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Spokane, Washington  Est. May 19, 1883
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Updated: Spokane River flows low; water use soars

A dead German brown trout floats in the Spokane River near Harvard Road in July 2015. (Spokane Riverkeeper)
A dead German brown trout floats in the Spokane River near Harvard Road in July 2015. (Spokane Riverkeeper)

Updated: 8/11/15 at 10 a.m. -- Correcting river flows, which are higher than first reported.

DROUGHT -- Water levels in the Spokane River are low and water use is soaring, indicating a good time to educate the public about water conservation for the good of the river and the fish and wildlife that depend on it.

Yesterday I reported that the river level had dropped below 500 cubic feet per second (cfs) for the first time this summer -- that's the minimum level before outflows start affecting the level of Lake Coeur d'Alene. 


USGS officials contacted Dr. John Osborn of the Sierra Club, who posted the notice, that river flows actually are in the range of 600-700 cfs.

"We took our information off the USGS website, but the website also notes that data is subject to revisions," Osborn said. "In this case, the data changed."

However, while the immediate consequences are not so dire -- and Lake CdA levels aren't coming down -- Dr. Osborn's diagnosis and treatment remains the same.  "The river is low, fish and wildlife are stressed, recreation use is impared and we waste water from the aquifer," he said. "None of that has changed. We need to rethink the way we live in a world that's increasingly thirsty."

Reinforcing his statement is this news report today from Western Washington: West Side cities as residents to cut water use.

Here's the rest of my original post:

Meanwhile, City of Spokane water use is at an all-time high, says John Osborn, a local water-use expert:  "3.8 billion gallons in July, or 122 million gallons of water each day," he said.

Osborn and others have launched a campaign to educate fishermen and the public on the connection between the Spokane River and water use from the region's aquifer.

“Our Spokane River is in trouble, and we must conserve water,” said Osborn, referring to the new H2KNOW water conservation campaign.  “We must use water wisely to help our struggling river.”  

"Water supply is provided by groundwater from the Spokane-Rathdrum Aquifer.  The aquifer also supplies water to the Spokane River.  Increased groundwater pumping for human use directly depletes flow in the river."

Hot temperatures approaching 100 degrees are forecast again for much of this week.  Drought combined with excessive water use by the 500,000 people living in this basin are causing near historic extremes in low flow for the Spokane River, Osborn said.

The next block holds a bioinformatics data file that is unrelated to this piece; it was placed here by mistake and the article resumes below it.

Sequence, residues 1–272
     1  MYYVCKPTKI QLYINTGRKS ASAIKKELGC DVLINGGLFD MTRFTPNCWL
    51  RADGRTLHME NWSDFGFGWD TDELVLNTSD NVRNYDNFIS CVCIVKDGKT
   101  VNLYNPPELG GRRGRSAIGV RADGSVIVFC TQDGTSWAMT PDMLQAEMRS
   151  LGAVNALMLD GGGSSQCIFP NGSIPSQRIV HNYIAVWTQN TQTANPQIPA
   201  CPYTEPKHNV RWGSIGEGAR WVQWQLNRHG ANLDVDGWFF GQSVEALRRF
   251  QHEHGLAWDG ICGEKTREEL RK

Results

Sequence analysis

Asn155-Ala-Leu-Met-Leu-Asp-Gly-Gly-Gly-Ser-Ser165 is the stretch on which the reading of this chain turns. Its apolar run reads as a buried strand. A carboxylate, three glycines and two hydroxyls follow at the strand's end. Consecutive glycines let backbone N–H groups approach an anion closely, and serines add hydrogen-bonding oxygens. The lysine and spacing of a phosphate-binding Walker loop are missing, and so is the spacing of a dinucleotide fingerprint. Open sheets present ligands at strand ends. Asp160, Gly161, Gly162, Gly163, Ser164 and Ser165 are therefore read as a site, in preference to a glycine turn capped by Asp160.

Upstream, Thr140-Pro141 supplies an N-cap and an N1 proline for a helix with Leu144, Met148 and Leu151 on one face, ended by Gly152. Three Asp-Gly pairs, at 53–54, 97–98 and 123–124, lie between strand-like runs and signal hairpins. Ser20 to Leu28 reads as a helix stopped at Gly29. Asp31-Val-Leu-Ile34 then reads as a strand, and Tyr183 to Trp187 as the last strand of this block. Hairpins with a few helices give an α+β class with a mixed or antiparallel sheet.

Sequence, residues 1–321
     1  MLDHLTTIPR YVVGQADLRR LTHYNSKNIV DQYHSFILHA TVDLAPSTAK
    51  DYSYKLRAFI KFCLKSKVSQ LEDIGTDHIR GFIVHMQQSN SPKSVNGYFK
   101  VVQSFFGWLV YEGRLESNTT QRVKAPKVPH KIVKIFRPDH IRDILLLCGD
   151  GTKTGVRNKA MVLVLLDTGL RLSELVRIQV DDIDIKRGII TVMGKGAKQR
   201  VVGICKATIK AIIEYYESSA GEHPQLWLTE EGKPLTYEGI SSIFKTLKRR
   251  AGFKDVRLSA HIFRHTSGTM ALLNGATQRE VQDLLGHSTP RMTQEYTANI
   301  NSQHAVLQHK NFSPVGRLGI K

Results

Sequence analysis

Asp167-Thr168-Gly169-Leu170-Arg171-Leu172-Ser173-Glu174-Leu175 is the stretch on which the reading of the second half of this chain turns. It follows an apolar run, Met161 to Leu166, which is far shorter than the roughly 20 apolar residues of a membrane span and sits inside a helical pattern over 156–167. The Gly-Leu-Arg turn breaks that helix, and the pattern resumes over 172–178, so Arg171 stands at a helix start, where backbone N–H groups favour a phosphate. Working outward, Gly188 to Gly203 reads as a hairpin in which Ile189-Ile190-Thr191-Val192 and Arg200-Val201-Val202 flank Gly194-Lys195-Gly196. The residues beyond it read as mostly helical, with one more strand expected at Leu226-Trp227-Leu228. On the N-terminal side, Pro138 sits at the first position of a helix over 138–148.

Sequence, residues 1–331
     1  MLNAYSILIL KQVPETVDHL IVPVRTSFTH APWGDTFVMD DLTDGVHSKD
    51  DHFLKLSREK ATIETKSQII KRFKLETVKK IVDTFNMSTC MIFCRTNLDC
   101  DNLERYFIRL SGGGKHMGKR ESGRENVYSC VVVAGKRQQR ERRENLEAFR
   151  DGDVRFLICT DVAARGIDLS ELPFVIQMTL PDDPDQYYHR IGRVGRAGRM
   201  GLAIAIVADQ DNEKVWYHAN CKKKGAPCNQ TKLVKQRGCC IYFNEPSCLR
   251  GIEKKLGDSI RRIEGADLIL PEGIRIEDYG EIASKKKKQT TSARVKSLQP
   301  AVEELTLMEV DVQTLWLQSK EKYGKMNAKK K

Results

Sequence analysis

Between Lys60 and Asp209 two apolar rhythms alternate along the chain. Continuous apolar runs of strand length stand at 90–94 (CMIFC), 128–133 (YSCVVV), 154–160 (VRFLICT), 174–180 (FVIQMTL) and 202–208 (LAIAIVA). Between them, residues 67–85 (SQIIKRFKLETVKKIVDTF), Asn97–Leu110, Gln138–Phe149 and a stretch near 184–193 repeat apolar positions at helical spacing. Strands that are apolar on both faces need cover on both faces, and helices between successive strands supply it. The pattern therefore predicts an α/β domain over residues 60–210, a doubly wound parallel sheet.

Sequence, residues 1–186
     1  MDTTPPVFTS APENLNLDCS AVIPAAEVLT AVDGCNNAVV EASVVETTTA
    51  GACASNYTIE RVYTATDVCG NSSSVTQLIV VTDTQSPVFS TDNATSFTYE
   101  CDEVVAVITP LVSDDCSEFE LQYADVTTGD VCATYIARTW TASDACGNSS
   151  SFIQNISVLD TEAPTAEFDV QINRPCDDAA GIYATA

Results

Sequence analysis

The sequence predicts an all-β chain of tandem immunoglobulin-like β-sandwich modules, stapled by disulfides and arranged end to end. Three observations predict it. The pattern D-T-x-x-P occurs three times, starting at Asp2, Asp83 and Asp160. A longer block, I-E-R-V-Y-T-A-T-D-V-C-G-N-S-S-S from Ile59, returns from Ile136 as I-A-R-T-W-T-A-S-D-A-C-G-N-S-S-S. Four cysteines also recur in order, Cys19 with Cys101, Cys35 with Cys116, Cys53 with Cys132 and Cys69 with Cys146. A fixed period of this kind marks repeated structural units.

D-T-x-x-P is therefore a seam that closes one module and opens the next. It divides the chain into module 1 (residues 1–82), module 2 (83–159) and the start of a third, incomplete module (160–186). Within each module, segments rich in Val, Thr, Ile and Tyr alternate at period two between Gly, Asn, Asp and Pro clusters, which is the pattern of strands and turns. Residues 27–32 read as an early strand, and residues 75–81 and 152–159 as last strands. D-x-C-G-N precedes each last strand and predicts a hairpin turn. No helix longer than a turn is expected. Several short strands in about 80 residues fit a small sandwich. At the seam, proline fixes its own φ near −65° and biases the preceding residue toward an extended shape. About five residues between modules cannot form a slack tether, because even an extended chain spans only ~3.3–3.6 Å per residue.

"The lowest flows ever recorded are in the mid-400 cfs range, (and we are in the low range) according to the USGS Spokane River gage.  Low flows harm fish, wildlife, recreational opportunities, and businesses that depend on the river."

“Conserve water for the river’s sake,” said Tom Soeldner, a retired Lutheran pastor who co-chair’s Sierra Club’s Upper Columbia River Group.  “There is a void in leadership from our government on water conservation during this drought.  We as individuals must take responsibility for protecting our Spokane River.”

Former Spokane Mayor Mary Verner attempted to reduce water consumption by requiring extra payments for heavy users.  She was quickly unelected.

Here are five actions people can take to conserve water and help our Spokane River -- with no political ramifications:

  1. Reduce outdoor watering (especially stop overwatering grass)
  2. Fix broken or clogged pipes and sprinkler heads
  3. Fix leaks in all plumbing fixtures
  4. Install water-efficient devices (such as low flow toilets and shower heads)
  5. Replace your law with low-water plants

"Comparing flows now with prior years underscores the terrible condition of the river and the need for people to act," Osborn said.  "One year ago, in 2014, lowest flows were about 900 cfs.  

"When Spokane was a young city in the 1890s, flows ranged from 1500-2000cfs in August." 

River flows are monitored at a stream gage near the Monroe Street dam, the oldest continuous gage in Washington State.

Rich Landers
Rich Landers joined The Spokesman-Review in 1977. He is the Outdoors editor for the Sports Department writing and photographing stories about hiking, hunting, fishing, boating, conservation, nature and wildlife and related topics.

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